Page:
We went out to a restaurant in the city with some friends last night.
I’d been bribing Ella into being good from before we even left home by promising her an ice cream in the restaurant.
So while we were waiting for everyone to arrive, I ordered her not one but two scoops of gelati. A massive portion which made me feel somewhat guilty for the effect it would have on her dental health, but made me also selfishly hopeful that it would keep her busy for a long time so I could actually participate in the dinner conversation. She was indeed happy eating tiny spoonfuls for quite some time until she lost interest and the ice cream turned into a milkshake minus the shake.
Then tragedy struck. When we came back from a visit to the toilet the staff had cleared the entree plates off the table and the ice-cream too had gone. Drama! It didn’t help me telling Ella that it was all melted anyway. She was inconsolable. I had to take her outside to give the other diners a break from the high pitched wailing.
When we came back to the table after some fresh air with Ella somewhat calmer but still grumpy, waiting for her on the table was a brand new two-scoop ice cream! One of my friends had told the waitress of the tragic impact removing the ice-cream had had on Ella and she kindly replaced it.
It doesn’t matter that it turned into gooey sludge again before she could finish it. Justice had been done!
I get so affected by seeing children – especially my own – cry over such things which seem totally trivial to an adult but about which I have childhood memories that vaguely remind me of how utterly heart-breaking such experiences are at that age.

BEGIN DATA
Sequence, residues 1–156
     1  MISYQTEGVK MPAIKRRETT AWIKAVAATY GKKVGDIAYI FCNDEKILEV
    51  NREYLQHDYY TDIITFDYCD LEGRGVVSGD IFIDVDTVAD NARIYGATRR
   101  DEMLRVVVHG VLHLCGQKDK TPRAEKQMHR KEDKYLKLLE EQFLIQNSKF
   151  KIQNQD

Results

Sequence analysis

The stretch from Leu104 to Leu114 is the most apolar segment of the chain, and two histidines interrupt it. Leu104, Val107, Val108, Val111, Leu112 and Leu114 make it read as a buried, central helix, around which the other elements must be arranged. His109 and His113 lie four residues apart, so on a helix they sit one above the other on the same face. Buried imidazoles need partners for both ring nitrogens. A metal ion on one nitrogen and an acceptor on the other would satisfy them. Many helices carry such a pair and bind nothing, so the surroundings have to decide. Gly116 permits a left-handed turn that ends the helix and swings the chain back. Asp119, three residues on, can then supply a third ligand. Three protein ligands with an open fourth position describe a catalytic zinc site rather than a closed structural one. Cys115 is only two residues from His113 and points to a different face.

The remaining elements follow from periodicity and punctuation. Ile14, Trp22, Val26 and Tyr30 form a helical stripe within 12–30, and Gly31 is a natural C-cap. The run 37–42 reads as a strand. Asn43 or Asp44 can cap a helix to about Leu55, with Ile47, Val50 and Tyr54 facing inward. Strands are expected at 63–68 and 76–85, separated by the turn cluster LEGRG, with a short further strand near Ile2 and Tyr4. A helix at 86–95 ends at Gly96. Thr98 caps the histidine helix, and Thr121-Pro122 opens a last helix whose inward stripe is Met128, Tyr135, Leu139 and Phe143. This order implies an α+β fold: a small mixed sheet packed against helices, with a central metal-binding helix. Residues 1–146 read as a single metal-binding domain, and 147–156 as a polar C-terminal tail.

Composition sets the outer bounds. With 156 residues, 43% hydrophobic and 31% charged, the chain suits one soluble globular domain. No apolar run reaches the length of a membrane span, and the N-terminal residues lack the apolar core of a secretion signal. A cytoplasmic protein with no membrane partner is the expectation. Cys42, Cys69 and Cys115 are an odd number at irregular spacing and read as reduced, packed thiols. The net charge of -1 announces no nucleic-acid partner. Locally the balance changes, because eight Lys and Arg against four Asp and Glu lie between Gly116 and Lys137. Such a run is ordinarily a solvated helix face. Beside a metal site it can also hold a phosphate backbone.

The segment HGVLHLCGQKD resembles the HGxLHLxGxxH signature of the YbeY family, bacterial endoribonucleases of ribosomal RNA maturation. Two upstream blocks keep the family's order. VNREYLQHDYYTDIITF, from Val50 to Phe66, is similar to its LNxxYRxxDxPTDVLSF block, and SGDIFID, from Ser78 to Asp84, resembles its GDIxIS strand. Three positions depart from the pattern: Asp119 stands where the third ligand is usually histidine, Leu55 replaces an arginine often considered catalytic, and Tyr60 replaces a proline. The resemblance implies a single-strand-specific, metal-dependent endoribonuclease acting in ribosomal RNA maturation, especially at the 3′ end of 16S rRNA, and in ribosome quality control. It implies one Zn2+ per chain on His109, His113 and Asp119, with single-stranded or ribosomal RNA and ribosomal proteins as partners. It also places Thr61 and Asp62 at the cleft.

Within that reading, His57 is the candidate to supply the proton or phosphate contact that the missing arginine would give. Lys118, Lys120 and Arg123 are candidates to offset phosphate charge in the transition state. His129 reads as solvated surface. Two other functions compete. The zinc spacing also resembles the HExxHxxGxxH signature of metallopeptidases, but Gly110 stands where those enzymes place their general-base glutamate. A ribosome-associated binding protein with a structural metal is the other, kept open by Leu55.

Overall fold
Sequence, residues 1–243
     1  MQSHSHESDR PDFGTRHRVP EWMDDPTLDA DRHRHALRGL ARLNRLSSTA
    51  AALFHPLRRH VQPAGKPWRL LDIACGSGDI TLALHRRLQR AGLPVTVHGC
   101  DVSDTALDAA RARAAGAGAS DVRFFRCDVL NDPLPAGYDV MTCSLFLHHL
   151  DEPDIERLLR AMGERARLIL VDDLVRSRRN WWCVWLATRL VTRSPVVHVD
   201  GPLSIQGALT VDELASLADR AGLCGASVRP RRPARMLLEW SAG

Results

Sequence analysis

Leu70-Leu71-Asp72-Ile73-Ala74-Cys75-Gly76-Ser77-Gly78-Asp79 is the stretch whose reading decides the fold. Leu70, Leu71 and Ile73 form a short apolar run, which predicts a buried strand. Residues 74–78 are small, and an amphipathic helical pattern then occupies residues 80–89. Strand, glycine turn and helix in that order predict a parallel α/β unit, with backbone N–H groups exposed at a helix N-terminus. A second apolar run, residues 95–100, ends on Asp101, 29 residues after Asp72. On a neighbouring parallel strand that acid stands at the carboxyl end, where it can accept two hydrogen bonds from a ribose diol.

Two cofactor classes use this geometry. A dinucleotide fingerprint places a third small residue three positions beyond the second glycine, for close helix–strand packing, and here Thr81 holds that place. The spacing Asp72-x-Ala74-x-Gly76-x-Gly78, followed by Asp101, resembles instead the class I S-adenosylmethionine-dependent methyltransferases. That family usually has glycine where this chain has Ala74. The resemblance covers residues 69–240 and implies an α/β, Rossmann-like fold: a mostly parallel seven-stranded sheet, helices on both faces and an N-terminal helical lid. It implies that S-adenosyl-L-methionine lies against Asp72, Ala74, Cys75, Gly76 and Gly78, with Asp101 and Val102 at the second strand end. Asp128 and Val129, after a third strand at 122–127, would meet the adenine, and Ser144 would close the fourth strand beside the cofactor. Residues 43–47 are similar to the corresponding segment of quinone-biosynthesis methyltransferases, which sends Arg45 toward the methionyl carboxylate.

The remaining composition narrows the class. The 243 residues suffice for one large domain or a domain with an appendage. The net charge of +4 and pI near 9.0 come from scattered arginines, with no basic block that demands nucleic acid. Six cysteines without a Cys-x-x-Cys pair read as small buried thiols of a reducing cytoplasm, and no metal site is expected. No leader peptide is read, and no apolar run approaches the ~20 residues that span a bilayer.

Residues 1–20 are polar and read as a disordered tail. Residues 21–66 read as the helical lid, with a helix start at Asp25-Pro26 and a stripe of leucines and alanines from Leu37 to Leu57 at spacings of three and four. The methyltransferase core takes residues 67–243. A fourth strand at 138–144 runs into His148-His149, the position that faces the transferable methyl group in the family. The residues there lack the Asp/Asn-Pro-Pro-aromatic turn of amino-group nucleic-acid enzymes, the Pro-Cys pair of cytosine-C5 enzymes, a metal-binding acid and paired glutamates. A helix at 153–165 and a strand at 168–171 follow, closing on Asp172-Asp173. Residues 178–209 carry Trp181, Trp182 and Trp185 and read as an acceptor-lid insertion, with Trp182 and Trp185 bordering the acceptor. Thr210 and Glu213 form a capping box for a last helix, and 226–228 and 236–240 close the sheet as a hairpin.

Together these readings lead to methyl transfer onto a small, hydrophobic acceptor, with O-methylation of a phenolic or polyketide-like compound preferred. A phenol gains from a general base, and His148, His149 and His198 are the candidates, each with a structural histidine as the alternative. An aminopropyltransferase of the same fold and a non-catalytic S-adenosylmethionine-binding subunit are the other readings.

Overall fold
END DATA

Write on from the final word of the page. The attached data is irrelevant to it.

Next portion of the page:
I will never forget the time last year that we got to the ice cream stand at the markets when they were selling out on the last day they were there before the winter break. I had been promising Ella an ice cream and you can imagine my relief when I noticed they had about 2 small scoops left. I triumphantly ordered the girl to put these last 2 scoops of the season on a cone for my excited little girl. Only to then discover I did not have any money on me at all. I had to drag Ella away from the ice cream, with her screaming as if someone had just told her she was about to lose both her legs. And me feeling so bad for her, so empathising with her grief that I was nearly in tears too. I eventually bought her a very expensive and very posh adults ice cream from the deli that allowed me to pay by card.
Ella only had her first ice cream when she was nearly two. I didn’t see any reason to give her that much sugar when she had no idea what she was missing out on anyway. But now – like most parents I can imagine – I fully enjoy the expression of pure joy this cold, unhealthy, brightly coloured snack can put on my daughter’s face. They have an expression in Dutch: “A child’s hand is easily filled” (E: Little things please little minds). And boy, do I enjoy filling it!